• Windows NT 64-bit (flavors?)
    • Windows NT Embedded Edition

    (I count systems with the same essential underlying tech with a few slight differences as "flavors".)

    And you know what? Everyone's worried about the Linux market fragmenting!!! What a laugh.

  • So, what's the difference between charging for the art or the entire package? Allocate your money however you want, you are still "selling" it. ("Call now and will give you this advanced digital watch FREE! ... with only $45 shipping and handling") :-)

    Several differences:

    • You get all the benefits of open source on the engine, including bug fixes, ports to niche/old hardware, new cool features, etc. These increase sales of your game files, and can improve your game's marketing (your ads and demos show BeOS engine clips, while competing engines can only afford a Win9x port and Win9x clips).
    • Others can write games for your engine, too, and sell them. That sounds like a disadvantage, since you're giving away the engine for others to make money off of. But since it's your engine, your brand gets an advantage, since everyone else's box will be advertising your brand for you, thus giving your game files a competitive advantage. Mindshare is a powerful thing - just ask Red Hat.
    • You can sell the games files separately from the game. If a user has the engine, buying new files can be a click-and-drag thing with the Internet. Of course, since it's your engine, your game files are displayed more prominently than others - if you even display others. Or, alternately, you can sell your CDs with a downloader for the engine, saving precious CD space.
  • Cobalt Networks has exactly what they are talking about. Easy to use, setup, configure, file server, print servers, with a web interface. I evaluated a cobalt raq that retailed for $1500 and it took me literally 10 minutes to get it up on the network using DHCP and half of that was me pulling out of all the packing material. The webserver took another 2 minutes to configure then add content. Comes configured with samba and printers are a breeze.

    Go figure Windows and Intel always following in some elses tracks.


    "Nuke it from space it's the only way we can be sure"
  • That's one of the things I learned from working at the Iowa State Daily. (Apart from the fact that I didn't want to be a journalist.)

    Not that it's necessarily bad for an article to have an opinion. (It's only good if you expect to sell your news to everybody.)
  • The only problem with your scheme is that a company of 10 people probably wouldn't have the in-house skills needed to setup/configure/maintain a unix machine. And they probably wouldn't have to money to hire a competent one either. Enter the device any idiot can use (course we could just make web admin stuff for linux... oh, didn't they already do that with the cobalt machines?).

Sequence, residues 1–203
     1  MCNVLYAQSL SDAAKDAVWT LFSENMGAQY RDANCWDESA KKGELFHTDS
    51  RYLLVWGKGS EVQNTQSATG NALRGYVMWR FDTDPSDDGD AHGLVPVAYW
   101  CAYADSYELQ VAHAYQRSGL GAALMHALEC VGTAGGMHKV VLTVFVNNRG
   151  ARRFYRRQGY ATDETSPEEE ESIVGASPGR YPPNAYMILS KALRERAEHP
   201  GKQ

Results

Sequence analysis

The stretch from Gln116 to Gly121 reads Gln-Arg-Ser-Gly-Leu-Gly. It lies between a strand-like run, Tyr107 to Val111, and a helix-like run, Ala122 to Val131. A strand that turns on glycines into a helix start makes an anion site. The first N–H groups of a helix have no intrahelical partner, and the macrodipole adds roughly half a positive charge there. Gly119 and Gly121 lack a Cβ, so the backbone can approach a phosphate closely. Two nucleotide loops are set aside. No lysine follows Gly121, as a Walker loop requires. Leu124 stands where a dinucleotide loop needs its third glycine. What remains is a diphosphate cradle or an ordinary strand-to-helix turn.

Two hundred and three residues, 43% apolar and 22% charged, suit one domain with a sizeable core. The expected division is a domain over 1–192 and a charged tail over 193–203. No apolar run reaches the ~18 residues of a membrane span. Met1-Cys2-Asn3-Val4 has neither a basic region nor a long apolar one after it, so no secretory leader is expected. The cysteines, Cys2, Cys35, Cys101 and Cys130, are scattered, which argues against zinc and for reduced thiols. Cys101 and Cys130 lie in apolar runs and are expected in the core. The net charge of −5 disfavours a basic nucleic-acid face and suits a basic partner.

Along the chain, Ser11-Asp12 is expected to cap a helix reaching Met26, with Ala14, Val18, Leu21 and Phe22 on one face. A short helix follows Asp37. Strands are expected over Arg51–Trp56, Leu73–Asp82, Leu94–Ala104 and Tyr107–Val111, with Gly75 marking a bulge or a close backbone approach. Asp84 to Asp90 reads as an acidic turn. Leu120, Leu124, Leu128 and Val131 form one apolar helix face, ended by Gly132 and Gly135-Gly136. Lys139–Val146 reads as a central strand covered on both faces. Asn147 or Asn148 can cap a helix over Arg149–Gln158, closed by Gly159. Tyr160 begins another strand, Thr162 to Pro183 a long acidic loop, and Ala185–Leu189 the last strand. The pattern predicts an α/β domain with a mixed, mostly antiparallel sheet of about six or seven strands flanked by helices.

i mean, if they can't set up an NT box (even poorly) what chance do they have of setting up a linux box? very little, imho.

  • What is up with C|Net and CNN that give you these damn 2 paragraph stories? Why do they even bother? Why not just give us a head line, with no text underneath it?

    As for the story itself, this is a doomed concept.

    Let's say I own a small business and I have these choices:

    A) A Wintel machine that the saleman says will be easy to install, but will perform only very limited function and come with no support except the phrase "Buy a bigger server"

    B) A friend of the company who says,"I'll just set you up with Linux." Small Business Owner: "With what?" Friend: "It's cheaper, it works, I'll be done quickly. Oh and it's fully functional, so don't worry about expansion."

    Only a PHB buys Microsoft because of the name, but most PHBs don't start small businesses. Thus, no market for for thin servers, IMHO.

  • First of all, Linux places NO threat to Intel. Does Intel REALLY care what kind of OS runs on their chips? No. This is just another "initiative" announcement that means nothing. We will never see a "thin" server from this pair. Besides, the cost of ownership doesn't justify it. Maybe if it was about $500, then..... But that'll never happen either.
  • You forgot a few:

    ADO (or is it DAO?)

    Yup, nothing like well thought out technology to make your job easier...


  • Linux is not an appropriate environment for an embedded system.

    Linux is fine for thin servers, just ask the folks at Cobalt. Regarding embedded systems, the requirements of the system determine which OSes are appropriate. For instance, Linux would be a reasonable choice for non-realtime applications that boot from a flash device.


  • Intel is not a standard. REAL Commodities like SVGA monitors, the size of a soda can, analog clocks, and even winshield wipers ARE standards.